An exhibition celebrating the launch of Olaf Hajek’s latest book, Black Antoinette, is currently taking place at his publisher’s ‘space’ in Berlin’s trendy Mitte neighbourhood.
Hajek’s work questions the differences between painting and illustration. The artist mixes bursts of folk, ethnic, mythological and all manners of exotic imagery, creating allegorical panels that reach far beyond what is normally known as ‘illustration’ in terms of composition and texture.
The work may remind of Chris Ofili, but while the British artist pushes this kind of imagery beyond the cliché, Hajek embraces it with his own brand of mannerism. His pieces have often been used by fashion brands. Despite the colour combinations and the occasionally clichéd symbolism, the work retains a certain opacity – a certain mysterious sensuousness – which transcends fashion and illustration to make it worth a detour.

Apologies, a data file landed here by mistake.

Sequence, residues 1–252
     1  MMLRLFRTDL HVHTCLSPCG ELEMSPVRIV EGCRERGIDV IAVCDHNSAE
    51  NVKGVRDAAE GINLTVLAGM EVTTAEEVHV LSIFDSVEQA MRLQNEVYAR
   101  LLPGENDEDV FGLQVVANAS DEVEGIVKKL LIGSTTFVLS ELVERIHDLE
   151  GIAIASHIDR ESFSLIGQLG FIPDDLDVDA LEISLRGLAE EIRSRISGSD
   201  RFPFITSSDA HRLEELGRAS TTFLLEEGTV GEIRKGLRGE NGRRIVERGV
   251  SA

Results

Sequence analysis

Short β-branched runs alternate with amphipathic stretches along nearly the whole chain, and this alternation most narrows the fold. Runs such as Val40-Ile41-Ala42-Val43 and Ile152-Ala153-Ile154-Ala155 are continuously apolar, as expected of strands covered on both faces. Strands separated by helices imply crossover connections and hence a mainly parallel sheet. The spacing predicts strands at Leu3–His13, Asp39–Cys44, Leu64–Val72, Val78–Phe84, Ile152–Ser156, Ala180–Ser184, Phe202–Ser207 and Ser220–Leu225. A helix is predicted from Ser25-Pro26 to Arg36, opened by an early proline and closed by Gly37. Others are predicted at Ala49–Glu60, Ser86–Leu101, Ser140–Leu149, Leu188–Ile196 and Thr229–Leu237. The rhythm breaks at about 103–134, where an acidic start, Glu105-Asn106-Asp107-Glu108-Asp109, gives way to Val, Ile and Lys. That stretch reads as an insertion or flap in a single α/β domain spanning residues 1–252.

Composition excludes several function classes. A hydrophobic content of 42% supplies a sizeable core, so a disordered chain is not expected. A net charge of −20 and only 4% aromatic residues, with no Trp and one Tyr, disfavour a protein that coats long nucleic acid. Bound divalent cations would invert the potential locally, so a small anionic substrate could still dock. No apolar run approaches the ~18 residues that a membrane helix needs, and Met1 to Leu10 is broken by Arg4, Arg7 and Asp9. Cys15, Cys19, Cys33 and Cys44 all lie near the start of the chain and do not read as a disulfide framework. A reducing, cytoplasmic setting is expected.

Disregarding labels is a Berlin speciality, and in the hot summer this is a perfect product of the new Berlin. The description at the back of Back Antoinette calls Hajek an ‘illustration artist,’ and it feels just about right.
The exhibit can be seen at Gestalten Space until 29 July, 2012.